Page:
post #268 of 1361
Quote:
Originally Posted by HT1 View Post

I have a question for those experienced bar top builders. What is the depth of your bar tops? At this point I have a 42" tall kneewall that I plan to set my bar top on once it's built. My thought is if I make the top itself at 15 to 18 inches deep, by the time I add the bar rail I would have 21 to 24 inches of bar top depth. Does this thinking sound correct?

Mine is also only 12" wide of actual bar top not counting the drip rail or the bar rail. Plenty of room to drink and eat at with a full dinner plate and everything. I usually during the week sit there with the laptop and eat dinner while watching T.V. and have plenty of room.
18 inches deep would be overkill in my opinion...bar top speaking
post #269 of 1361
Nice job on the bar - that is my next major project in the basement. I am still mulling over designs and like the originality of your copper top bar....

I will be lurking as you finish. The width of the top was a question I had too. I measured some of the ones at the store and they we 12-14 inches deep (without accounting for the rail) so 12" should be good?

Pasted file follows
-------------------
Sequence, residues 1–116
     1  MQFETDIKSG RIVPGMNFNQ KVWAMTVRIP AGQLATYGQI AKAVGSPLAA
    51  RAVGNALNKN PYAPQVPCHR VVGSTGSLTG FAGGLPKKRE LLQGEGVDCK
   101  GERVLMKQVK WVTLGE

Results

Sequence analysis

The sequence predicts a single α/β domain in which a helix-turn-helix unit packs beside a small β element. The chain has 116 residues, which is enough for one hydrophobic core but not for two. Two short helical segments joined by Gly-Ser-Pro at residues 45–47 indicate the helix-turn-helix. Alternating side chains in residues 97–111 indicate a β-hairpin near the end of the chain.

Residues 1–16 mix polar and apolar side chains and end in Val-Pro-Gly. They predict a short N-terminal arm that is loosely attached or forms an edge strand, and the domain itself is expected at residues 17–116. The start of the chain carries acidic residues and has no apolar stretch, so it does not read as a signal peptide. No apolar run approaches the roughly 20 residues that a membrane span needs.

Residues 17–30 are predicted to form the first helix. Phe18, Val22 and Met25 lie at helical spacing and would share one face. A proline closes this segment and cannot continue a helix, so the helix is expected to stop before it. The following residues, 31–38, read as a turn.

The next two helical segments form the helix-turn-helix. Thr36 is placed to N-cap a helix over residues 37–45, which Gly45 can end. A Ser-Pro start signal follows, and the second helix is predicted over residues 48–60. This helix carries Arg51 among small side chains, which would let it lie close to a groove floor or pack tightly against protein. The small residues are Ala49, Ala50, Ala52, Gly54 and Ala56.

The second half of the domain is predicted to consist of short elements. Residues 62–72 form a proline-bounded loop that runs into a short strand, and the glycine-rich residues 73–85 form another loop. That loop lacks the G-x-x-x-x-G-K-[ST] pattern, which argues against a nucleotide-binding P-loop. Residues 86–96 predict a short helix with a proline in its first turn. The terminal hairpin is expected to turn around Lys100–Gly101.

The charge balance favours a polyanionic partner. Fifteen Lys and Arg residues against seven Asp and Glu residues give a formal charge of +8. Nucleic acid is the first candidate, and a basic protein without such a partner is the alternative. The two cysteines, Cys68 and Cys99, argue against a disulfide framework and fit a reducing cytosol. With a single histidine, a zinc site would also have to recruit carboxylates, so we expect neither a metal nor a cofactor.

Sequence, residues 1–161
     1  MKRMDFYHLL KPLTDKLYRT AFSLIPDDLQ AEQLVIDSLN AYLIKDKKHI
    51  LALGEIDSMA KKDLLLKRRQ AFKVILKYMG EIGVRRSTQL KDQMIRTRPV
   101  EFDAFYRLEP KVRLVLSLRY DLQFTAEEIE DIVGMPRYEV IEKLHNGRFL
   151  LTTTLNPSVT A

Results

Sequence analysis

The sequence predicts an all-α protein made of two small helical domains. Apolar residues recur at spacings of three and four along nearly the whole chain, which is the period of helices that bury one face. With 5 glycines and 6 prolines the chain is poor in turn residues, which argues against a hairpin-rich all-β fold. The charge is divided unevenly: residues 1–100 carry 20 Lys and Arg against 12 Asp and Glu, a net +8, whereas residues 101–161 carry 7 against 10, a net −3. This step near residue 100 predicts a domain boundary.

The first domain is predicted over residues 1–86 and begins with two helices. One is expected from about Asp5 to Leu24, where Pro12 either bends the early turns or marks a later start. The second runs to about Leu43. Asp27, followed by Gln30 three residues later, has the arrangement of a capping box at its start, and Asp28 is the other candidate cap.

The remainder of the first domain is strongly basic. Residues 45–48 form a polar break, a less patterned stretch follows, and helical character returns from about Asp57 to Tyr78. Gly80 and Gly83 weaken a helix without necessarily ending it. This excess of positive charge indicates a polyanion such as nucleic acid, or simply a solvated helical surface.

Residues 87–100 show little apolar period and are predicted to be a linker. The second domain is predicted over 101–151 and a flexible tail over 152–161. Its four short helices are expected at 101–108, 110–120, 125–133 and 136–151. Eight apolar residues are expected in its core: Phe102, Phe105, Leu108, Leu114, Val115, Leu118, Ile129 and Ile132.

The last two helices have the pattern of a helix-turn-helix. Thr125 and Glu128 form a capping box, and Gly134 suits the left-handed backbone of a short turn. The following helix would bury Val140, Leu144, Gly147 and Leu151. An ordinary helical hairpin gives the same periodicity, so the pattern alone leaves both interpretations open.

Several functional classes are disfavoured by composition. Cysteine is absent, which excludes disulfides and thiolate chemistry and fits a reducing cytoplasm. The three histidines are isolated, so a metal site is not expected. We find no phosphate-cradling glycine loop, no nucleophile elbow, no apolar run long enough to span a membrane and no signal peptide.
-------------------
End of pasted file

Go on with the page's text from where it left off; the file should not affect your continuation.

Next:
cheers
jerry
post #270 of 1361
Thread Starter 
Quote:
Originally Posted by Spydrman View Post

Nice job on the bar - that is my next major project in the basement. I am still mulling over designs and like the originality of your copper top bar....

I will be lurking as you finish. The width of the top was a question I had too. I measured some of the ones at the store and they we 12-14 inches deep (without accounting for the rail) so 12" should be good?
cheers
jerry

Thanks for looking and feel free to ask any questions or give any tips you feel necessary. While I cant take credit for the copper idea.....I stole that one fair and square but I am trying to replicate my version with the upmost respect to the originator of the idea. Yes 12" is plenty for a beer and a dinner plate as your elbow room is actually on the rail itself. In my case I will have cabinets behind the bar and if the top was wider than 12" I wouldnt be able to reach the bar patrons to give them their drinks only to slide them acrossed to them. Again thanks for looking and feel free to chime in anytime as I will be working for a while here as I have this bar as well as the half wall bar and a theater to build......fun days ahead for me!!